The customary July Fourth column is an essay celebrating our tradition of liberty.
But this Fourth, let's tackle a harder issue: How much do we actually value that tradition?
After all, our president has run roughshod over one of liberty's fundamental underpinnings for years, just as a compliant Congress has ignored one of its most vital constitutional safeguards.
I'm talking, of course, about habeas corpus, a prisoner's ability to challenge his imprisonment in federal court.
Thankfully, our Supreme Court has now stepped in to reaffirm those rights.
But just barely. Despite the importance of habeas corpus to the rule of law, only five justices saw fit to uphold those rights for the prisoners at Guantanamo Bay.
One of the great legacies of English common law, the writ of habeas corpus developed as a check on the monarchical habit of arbitrarily imprisoning opponents of the crown. By the time of the American Revolution, habeas was considered so essential to individual liberty that it was written into the main body of the Constitution, and not appended afterward as was the Bill of Rights.
"The Privilege of the Writ of Habeas Corpus shall not be suspended, unless when in Cases of Rebellion or invasion the public Safety may require it," the Constitution declares.
Now, we are obviously not in a time of rebellion or invasion. Nor can the Combatant Status Review Tribunals that have judged prisoners at Guantanamo be deemed an adequate - and thus constitutionally allowable - substitute for habeas rights.
The Combatant Status Review Tribunals "lacked every safeguard that we associate with a fair hearing," says Jonathan Hafetz, counsel at the Brennan Center for Justice at New York University School of Law, who filed an amicus brief in the recently decided case. "And the review of those decisions by a federal court was fundamentally restricted."
If one truly supports the principles that safeguard liberty, he or she should support habeas rights even in trying times, for that's when the real test of our commitment to due process comes.
"Everybody is in favor of protecting our rights when it applies to us," notes US Senator Patrick Leahy, chairman of the Senate Judiciary Committee and himself a former prosecutor. "But when it is suspected terrorists, we don't want to protect their rights - even though maybe we have the wrong person."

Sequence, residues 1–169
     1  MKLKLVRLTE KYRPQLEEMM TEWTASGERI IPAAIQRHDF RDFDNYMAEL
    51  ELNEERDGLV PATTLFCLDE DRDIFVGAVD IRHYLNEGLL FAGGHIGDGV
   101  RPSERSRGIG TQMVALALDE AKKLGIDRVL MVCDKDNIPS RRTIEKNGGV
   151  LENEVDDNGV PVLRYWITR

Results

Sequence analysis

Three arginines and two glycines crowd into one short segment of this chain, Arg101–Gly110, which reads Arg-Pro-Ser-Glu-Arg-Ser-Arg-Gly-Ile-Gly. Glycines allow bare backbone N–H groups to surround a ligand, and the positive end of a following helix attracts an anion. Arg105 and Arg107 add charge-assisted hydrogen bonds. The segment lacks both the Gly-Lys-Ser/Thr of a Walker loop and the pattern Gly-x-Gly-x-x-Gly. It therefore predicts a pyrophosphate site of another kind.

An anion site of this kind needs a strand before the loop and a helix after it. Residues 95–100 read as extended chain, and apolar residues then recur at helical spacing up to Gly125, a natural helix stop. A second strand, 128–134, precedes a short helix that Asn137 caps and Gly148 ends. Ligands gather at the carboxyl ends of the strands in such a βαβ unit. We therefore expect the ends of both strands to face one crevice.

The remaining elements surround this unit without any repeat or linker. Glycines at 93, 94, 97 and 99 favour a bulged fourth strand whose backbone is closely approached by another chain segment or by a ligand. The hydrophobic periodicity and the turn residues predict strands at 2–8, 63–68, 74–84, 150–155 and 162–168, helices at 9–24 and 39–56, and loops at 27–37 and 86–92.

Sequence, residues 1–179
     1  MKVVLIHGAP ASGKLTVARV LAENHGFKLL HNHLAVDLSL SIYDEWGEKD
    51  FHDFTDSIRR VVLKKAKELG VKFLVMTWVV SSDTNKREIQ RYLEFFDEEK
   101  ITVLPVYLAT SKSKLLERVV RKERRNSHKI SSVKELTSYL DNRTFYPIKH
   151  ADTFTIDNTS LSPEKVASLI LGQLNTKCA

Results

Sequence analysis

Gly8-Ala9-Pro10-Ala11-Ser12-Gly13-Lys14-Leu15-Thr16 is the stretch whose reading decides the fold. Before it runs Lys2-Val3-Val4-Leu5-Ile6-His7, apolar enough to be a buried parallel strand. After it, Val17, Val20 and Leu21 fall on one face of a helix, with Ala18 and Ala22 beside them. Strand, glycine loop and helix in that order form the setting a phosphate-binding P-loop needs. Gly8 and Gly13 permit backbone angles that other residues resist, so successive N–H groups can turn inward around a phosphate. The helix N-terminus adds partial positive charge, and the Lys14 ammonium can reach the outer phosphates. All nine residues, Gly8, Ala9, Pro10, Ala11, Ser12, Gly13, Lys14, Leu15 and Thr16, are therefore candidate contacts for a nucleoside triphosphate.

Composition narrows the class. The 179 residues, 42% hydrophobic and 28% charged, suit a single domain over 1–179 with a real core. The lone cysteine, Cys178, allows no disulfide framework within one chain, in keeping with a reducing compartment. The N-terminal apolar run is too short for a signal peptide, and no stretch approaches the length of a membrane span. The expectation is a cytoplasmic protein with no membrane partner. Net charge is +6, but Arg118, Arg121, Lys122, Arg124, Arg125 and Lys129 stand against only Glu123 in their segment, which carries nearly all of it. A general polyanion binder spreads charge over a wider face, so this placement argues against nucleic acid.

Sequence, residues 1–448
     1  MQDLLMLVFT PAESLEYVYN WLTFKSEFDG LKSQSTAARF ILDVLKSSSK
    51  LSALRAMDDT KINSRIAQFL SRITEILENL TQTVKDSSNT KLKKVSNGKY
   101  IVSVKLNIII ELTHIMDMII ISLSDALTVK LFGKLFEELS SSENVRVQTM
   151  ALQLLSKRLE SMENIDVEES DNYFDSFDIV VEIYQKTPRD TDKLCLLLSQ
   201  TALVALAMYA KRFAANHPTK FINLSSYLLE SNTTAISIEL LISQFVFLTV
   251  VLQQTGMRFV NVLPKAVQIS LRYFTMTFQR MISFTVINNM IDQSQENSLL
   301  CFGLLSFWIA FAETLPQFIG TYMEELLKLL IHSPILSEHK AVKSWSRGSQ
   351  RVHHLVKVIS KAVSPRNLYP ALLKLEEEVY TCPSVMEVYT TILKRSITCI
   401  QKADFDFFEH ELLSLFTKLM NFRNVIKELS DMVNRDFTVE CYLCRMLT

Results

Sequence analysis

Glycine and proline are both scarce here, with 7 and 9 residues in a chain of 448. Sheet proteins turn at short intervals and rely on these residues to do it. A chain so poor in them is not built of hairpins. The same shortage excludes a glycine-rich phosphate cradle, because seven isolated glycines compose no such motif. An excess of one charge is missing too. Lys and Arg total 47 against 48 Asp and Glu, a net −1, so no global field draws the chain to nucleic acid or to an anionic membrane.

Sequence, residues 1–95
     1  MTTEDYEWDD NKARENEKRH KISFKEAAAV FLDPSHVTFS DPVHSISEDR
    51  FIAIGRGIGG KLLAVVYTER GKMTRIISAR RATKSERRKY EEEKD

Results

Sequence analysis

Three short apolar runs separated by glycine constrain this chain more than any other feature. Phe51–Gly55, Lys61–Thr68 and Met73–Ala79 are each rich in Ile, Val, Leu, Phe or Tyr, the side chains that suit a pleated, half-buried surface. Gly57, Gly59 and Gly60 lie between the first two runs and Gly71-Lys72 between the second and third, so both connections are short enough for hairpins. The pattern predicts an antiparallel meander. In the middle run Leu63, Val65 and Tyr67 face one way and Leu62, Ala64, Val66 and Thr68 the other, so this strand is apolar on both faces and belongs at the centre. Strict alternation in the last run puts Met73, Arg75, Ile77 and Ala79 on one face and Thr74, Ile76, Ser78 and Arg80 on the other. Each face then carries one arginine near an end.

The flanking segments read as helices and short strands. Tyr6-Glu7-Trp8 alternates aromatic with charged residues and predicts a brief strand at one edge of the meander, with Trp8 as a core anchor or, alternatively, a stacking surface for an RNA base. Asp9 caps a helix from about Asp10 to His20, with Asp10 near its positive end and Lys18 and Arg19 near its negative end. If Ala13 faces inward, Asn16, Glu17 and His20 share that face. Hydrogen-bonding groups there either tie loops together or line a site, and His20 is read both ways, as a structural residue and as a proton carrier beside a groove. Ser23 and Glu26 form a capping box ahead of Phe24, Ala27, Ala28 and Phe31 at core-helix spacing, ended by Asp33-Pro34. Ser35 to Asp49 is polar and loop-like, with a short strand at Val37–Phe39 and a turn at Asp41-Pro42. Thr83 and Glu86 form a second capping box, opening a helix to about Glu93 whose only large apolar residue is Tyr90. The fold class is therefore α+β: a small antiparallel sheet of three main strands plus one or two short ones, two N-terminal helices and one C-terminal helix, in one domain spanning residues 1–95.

The tendency Leahy identifies is as lamentable as it is predictable. And to those who say, "But we're talking about terrorists here," the reply is simply: Without due process, how can you be sure?
Further, to argue that habeas rights shouldn't extend to the Guantanamo detainees is to assert that by keeping prisoners outside the United States, the executive branch can create a legal black hole, one where men can be held virtually forever without any true review by the courts.
It's important to note that granting those prisoners habeas rights doesn't mean letting them go. Rather, says civil liberties lawyer Harvey Silverglate, it means allowing them to petition a federal court to review the process that led to their imprisonment. "The court has to determine whether the proceeding used was fair enough that we can have some faith in the accuracy of the result," Silverglate says.
It was no surprise to see Antonin Scalia, the court's most determined - and caustic - conservative, reject habeas rights for detainees - or to see Clarence Thomas and Samuel Alito side with him. But it was dispiriting indeed to have Chief Justice John Roberts join the dissenters on what should be a clear-cut matter.
Fortunately, in Boumediene v. Bush, five justices appointed by four different presidents recognized the centrality of habeas rights. The majority opinion was written by Anthony Kennedy (Ronald Reagan), who was joined by John Paul Stevens (Gerald Ford), David Souter (George H.W. Bush), and the two justices put on the court by Bill Clinton: Stephen Breyer and Ruth Bader Ginsburg.
Those five justices had the fortitude to stand up for this bedrock constitutional principle.
As we celebrate liberty on this Fourth of July, take a second to ask yourself this question: Do I?
Scot Lehigh can be reached at email@example.com.
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